After death, New York bill would ban physical contact at fraternity initiation
A little over two months after a freshman at Baruch College died during a hazing incident, new legislation seeks to prohibit all physical contact during fraternity initiation ceremonies.
Assemblyman David Weprin began working on ”Michael’s Law” within weeks of the fatal incident and introduced the bill along with state Senator Sen. Kenneth LaValle. It is named after 19-year-old Chun Michael Deng, a student from Queens who was killed during a December trip he took to the Pocono Mountains in Pennsylvania with his new Pi Delta Psi brothers.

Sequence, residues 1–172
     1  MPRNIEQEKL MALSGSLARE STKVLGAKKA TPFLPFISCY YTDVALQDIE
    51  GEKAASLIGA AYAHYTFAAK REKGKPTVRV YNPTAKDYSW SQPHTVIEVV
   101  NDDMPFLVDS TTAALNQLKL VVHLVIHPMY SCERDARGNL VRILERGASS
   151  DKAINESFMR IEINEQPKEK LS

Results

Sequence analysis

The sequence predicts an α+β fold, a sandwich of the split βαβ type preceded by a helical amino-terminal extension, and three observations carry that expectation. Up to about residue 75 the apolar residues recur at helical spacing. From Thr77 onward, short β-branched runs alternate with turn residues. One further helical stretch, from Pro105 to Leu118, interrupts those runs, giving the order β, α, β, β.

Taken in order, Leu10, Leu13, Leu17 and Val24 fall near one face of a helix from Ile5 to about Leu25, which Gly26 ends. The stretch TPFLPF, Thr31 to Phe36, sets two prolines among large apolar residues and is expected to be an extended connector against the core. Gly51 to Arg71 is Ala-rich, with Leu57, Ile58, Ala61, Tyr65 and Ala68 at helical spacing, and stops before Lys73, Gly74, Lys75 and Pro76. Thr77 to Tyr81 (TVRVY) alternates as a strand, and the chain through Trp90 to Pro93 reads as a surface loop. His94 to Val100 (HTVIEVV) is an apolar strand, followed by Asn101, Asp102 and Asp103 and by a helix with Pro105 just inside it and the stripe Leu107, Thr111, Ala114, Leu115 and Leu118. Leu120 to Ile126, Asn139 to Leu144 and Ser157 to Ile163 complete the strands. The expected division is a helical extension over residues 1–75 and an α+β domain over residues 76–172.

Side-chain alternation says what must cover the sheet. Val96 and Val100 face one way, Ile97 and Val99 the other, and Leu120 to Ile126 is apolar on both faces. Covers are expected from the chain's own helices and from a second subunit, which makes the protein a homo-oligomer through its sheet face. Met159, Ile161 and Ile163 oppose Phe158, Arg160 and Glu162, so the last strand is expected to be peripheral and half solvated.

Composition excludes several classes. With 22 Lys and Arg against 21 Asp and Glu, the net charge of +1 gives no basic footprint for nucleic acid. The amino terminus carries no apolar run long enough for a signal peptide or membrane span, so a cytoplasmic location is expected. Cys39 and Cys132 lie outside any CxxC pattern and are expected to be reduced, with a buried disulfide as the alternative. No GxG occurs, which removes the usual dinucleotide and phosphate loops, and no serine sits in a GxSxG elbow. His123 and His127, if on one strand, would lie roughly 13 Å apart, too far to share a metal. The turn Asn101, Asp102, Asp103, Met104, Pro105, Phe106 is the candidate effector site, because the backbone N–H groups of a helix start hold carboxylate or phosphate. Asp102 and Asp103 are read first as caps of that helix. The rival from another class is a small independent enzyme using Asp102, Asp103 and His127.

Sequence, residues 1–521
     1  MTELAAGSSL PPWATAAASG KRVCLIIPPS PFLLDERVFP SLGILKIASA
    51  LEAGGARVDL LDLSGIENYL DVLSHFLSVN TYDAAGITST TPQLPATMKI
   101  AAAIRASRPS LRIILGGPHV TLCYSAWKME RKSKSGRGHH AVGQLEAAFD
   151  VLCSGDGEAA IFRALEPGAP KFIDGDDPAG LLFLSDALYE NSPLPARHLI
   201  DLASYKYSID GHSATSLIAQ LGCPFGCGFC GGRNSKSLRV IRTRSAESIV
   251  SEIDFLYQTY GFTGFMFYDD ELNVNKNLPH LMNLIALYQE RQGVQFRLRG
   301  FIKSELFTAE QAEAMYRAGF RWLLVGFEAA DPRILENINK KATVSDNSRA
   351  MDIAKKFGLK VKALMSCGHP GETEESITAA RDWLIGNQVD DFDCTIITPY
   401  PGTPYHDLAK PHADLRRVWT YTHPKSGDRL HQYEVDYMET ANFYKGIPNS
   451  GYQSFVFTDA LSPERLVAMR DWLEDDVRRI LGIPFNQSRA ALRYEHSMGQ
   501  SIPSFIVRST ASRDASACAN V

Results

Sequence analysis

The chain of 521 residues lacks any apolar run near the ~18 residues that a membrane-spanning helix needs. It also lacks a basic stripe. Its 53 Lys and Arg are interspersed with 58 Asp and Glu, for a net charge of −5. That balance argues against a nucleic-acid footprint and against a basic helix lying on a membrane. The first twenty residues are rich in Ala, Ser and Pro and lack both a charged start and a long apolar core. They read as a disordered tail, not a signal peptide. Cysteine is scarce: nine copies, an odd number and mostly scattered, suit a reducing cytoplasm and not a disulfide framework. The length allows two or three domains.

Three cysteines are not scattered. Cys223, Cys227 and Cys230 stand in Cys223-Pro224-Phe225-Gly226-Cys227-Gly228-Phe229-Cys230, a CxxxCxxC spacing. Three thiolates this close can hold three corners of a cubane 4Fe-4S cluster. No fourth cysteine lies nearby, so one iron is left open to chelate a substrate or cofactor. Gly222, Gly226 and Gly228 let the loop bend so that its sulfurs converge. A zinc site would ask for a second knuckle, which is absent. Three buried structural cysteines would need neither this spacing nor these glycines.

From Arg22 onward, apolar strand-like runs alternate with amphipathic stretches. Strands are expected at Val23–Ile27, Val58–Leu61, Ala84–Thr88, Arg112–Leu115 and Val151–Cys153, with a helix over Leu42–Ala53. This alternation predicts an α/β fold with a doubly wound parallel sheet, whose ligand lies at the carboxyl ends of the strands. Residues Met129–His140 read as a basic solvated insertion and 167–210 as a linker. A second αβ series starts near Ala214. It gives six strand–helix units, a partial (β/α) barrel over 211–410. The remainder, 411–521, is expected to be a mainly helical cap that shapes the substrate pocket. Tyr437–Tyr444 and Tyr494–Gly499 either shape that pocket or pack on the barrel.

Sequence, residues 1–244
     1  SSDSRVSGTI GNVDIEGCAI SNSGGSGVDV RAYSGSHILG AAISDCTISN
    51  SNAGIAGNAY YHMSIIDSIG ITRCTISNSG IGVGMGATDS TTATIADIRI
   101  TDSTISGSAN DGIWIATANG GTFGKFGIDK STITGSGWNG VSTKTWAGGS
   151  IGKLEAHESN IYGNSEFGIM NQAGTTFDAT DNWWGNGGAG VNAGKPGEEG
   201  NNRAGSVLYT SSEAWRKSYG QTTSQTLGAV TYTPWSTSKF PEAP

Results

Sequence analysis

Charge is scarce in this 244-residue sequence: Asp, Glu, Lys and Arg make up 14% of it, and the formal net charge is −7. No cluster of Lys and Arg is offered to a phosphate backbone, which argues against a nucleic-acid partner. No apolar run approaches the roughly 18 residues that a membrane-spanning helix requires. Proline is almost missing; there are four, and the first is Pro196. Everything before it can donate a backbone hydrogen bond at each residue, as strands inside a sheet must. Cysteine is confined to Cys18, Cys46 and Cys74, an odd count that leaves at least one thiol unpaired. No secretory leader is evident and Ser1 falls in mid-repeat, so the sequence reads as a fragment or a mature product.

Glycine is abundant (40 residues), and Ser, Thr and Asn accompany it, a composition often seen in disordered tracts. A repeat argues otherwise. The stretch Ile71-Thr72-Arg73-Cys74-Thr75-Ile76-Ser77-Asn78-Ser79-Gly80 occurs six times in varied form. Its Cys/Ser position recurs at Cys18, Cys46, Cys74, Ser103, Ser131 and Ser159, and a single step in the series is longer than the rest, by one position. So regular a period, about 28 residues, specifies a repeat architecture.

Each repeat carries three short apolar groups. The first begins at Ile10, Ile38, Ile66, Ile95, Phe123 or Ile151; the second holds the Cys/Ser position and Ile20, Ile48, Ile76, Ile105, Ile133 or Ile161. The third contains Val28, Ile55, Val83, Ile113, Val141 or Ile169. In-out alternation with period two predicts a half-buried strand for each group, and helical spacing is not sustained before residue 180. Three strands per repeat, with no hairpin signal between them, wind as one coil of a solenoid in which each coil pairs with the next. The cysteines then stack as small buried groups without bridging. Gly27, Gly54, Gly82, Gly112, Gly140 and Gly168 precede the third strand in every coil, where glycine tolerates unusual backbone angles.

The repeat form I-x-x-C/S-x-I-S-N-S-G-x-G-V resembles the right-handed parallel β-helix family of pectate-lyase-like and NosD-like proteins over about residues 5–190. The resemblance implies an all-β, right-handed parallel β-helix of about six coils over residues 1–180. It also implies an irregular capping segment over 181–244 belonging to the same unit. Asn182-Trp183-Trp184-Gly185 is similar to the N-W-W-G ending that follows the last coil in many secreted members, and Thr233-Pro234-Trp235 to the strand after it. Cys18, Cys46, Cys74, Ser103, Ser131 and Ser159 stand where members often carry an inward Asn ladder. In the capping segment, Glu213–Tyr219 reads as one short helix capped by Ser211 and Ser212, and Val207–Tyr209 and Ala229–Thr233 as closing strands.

The bill would expand the definition of hazing to include “all physical conduct and physical activities required from fraternities during the pledging ceremonies,” according to a press release from Weprin’s office. The current law defines hazing as any activity that creates ”a substantial risk of physical injury.”
“It basically outlaws any physical contact” during frat ceremonies, Weprin told The Huffington Post, noting that New York’s current anti-hazing law only prohibits conduct that either recklessly or intentionally creates “substantial risk” of injury, or causes injury.
Deng’s death was ruled a homicide by the Monroe County, Penn. coroner’s office after other members of the fraternity allegedly tackled the young man while he was blindfolded, causing a traumatic brain injury.
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